U.S. Navy Seabees Build Bridges in Uganda
U.S. Navy Seabees from Naval Mobile Construction Battalion (NMCB) 11 completed construction on a concrete, low-water crossing here May 7, 2009.
Completion of the culvert bridge at Walela will be of great benefit to local residents, according to Uganda Peoples' Defense Force (UPDF) Lieutenant B.Y. Gala. "This is a great development for the people of Uganda and this region and a great achievement for the U.S. Navy and the UPDF," Gala said.
Gala led a group of UPDF engineers who worked alongside the Seabees. Another group of Ugandan soldiers served as force protection for the joint camp. This project was a different kind of military-to-military engagement than service members assigned to and supporting the multi-national Combined Joint Task Force-Horn of Africa usually participate in, Chief Builder (SCW) Jonathan Poellot said.
"We've been able to pass on a lot of technical knowledge to them, instead of coming in with a show of force," said Poellot, a native of Mahopac, New York. "We've formed good relationships, and we're teaching them to do construction (and) perform maintenance on the roads. Sharing our knowledge with these guys, who don't have the educational opportunities that we have, will greatly improve their engineering ability.
"From here, all the way down to Kampala, everybody knows why we're here; to build a bridge and improve their transportation ability."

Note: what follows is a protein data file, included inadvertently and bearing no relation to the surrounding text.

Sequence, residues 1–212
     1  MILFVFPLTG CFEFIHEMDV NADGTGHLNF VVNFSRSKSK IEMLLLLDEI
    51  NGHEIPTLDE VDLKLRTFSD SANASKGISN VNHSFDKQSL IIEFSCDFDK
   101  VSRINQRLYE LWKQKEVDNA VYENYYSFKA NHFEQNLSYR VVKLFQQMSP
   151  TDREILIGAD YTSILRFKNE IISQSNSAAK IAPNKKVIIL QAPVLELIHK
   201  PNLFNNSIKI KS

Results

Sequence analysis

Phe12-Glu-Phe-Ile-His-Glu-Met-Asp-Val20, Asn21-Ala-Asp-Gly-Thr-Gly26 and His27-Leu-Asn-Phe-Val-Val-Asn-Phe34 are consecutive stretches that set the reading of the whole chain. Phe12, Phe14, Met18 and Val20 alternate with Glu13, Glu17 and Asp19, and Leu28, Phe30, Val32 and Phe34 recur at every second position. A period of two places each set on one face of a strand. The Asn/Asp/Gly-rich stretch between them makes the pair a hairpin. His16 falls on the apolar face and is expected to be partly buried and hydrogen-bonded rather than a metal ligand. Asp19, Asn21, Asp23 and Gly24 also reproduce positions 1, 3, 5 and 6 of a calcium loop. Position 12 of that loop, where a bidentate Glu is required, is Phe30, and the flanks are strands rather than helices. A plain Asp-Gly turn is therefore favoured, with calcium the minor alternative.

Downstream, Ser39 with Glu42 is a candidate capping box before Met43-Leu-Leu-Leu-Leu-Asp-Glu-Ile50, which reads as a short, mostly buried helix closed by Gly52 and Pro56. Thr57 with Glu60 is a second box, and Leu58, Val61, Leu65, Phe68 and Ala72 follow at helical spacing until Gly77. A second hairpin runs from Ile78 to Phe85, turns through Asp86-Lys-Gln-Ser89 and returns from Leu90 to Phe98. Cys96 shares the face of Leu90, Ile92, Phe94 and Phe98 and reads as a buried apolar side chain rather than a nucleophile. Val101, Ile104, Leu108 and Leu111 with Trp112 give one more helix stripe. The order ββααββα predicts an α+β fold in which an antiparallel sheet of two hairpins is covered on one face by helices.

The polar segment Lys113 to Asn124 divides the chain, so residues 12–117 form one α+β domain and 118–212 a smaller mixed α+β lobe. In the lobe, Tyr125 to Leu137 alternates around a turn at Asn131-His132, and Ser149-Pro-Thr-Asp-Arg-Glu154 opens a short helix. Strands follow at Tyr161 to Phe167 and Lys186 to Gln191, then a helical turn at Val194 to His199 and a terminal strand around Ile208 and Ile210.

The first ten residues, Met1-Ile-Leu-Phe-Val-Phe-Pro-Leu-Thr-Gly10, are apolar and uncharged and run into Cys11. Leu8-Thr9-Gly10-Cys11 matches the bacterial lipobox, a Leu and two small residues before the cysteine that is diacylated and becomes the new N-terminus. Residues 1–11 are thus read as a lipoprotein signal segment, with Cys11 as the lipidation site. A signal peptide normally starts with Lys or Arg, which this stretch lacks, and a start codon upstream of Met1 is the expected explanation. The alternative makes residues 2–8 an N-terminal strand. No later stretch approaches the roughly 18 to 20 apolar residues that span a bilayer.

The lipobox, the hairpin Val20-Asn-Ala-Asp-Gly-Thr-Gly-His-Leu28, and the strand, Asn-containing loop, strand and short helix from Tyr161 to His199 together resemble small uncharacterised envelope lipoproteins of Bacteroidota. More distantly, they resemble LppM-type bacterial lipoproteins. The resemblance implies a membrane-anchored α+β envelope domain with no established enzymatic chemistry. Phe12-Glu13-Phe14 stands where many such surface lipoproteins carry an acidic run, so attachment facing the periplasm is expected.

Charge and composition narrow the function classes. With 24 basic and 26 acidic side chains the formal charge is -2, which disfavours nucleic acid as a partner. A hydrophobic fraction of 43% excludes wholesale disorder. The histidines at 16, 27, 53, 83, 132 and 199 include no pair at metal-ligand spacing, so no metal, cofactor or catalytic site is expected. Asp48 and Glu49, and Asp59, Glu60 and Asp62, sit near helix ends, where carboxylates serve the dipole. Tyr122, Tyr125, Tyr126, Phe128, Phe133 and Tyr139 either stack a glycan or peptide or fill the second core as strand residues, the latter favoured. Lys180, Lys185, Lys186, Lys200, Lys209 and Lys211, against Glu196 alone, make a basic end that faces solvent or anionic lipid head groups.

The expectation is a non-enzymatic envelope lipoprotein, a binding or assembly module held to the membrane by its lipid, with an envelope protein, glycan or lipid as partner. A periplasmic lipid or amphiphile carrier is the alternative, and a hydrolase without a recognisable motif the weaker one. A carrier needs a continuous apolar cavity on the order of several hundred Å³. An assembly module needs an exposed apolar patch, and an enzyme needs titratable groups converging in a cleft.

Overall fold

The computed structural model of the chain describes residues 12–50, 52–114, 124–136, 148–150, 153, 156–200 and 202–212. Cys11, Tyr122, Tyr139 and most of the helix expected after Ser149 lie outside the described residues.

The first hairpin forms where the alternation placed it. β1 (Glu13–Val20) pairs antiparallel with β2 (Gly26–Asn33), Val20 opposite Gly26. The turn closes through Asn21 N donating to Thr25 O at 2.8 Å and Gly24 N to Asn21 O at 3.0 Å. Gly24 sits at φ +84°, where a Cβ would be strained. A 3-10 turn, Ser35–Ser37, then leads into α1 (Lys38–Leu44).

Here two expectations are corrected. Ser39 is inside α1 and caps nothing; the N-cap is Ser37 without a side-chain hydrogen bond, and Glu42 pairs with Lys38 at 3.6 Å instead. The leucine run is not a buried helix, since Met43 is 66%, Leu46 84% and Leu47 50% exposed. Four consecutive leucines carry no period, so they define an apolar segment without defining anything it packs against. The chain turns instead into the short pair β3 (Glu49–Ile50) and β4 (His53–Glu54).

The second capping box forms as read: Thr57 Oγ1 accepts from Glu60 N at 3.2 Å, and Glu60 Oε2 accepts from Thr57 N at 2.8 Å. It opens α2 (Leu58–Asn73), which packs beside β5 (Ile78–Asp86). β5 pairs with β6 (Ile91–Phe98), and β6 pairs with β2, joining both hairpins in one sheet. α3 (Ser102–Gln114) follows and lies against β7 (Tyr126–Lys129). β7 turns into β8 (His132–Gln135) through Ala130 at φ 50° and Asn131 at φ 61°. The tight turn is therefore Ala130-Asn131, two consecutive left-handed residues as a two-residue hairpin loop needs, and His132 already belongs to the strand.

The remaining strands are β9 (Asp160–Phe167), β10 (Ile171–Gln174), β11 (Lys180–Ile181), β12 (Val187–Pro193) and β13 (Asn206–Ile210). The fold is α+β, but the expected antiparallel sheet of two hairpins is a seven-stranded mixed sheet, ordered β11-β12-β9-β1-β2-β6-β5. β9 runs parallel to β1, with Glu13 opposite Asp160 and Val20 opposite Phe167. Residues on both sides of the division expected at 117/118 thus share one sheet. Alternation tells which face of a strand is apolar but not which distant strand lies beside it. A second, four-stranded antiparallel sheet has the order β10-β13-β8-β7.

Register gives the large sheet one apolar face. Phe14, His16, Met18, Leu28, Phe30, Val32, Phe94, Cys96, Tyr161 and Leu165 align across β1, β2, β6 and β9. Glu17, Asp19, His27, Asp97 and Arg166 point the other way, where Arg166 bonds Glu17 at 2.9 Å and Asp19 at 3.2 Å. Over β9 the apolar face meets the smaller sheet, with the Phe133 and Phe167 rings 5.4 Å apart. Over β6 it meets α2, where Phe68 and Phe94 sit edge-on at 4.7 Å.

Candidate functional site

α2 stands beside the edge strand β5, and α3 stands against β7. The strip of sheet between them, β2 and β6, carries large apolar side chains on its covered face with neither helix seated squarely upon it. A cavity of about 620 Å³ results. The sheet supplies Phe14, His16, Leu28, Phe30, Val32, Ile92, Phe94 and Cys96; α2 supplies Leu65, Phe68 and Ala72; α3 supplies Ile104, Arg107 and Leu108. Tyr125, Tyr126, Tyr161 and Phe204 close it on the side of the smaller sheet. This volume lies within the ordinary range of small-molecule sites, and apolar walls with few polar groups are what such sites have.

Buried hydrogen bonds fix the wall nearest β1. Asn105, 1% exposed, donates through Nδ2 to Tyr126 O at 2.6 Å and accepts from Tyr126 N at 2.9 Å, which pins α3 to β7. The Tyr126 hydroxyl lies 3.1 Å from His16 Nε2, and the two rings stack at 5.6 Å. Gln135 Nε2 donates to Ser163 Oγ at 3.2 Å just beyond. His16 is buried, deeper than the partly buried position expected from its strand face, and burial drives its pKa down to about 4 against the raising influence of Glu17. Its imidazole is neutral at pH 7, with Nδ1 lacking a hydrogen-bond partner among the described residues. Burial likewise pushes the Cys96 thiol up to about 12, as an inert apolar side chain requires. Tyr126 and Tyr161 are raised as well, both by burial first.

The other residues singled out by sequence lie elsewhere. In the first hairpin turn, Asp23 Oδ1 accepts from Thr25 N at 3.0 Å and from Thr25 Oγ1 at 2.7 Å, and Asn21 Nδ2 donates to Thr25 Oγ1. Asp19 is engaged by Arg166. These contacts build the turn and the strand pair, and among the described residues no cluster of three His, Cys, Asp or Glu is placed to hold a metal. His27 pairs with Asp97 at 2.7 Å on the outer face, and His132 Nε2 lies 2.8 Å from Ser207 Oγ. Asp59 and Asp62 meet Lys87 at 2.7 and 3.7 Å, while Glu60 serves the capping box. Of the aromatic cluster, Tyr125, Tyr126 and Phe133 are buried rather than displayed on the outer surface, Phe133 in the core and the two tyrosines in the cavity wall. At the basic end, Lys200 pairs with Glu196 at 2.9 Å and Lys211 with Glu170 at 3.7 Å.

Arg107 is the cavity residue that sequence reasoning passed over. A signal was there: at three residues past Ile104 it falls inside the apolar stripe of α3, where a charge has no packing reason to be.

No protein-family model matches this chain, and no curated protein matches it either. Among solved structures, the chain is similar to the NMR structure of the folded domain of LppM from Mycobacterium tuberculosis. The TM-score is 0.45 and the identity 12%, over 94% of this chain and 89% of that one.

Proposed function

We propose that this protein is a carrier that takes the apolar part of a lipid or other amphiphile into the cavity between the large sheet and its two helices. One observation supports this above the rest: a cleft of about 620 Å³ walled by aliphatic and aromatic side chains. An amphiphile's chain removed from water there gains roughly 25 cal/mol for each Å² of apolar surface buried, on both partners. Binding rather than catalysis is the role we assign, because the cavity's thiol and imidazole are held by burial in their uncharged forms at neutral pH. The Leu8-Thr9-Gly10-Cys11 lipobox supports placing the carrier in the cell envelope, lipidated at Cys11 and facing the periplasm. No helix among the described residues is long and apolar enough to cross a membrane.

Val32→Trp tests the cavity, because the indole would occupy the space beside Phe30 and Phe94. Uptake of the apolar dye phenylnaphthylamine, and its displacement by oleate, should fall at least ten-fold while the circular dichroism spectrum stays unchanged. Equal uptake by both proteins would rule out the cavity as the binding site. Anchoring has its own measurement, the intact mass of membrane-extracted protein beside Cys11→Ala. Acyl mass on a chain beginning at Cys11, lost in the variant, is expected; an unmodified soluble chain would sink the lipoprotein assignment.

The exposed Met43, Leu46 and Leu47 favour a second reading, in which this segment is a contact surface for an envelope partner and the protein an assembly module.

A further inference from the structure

Gala said the Walela bridge will go a long way in that regard. He said it will significantly shorten the five-hour drive to Kampala, along with cutting the 90-minute drive to Lira in half. This will save on fuel costs and improve access to resources, he said.
"Some of these people are farmers who grow cash crops that need to be taken to Lira," Gala said. "This is (a great improvement to the) infrastructure in terms of access to some of the things they cannot get here in Aromo."
Many of the Seabees have befriended local residents, who have watched the construction every day. They said it means a lot to them that they can make a positive impact on people in need.
"When we leave here, we'll be gone, but knowing we've made a difference in their day-to-day lives. … I love what the Seabees do," said Petty Officer 2nd Class (SCW) Peter Belcastro, crew leader. "We live in pretty rugged conditions, with the tents and the outhouses, but any time you look outside the concertina wire, you know the people out there have it so much worse, so it's a very humbling experience."
These Seabees took on the project in February 2009. Since then, they have worked for 65 days, with work days ranging from 10 hours to as long as 22 hours. Poellot praised their performance and dedication.
"There have been days we've lost due to rain, and to my guys' credit, they've just worked longer and harder and stayed on schedule," Poellot said. "Ninety-five percent of them, this is their first deployment. Most of them have been in the Navy less than two years.
"They took the nothing that was there and built a 150-foot bridge. Any time you can do something like that without getting hurt, it's a good evolution."
Poellot added that the Seabees won't rest with the completion of this bridge and will begin work immediately on the next one.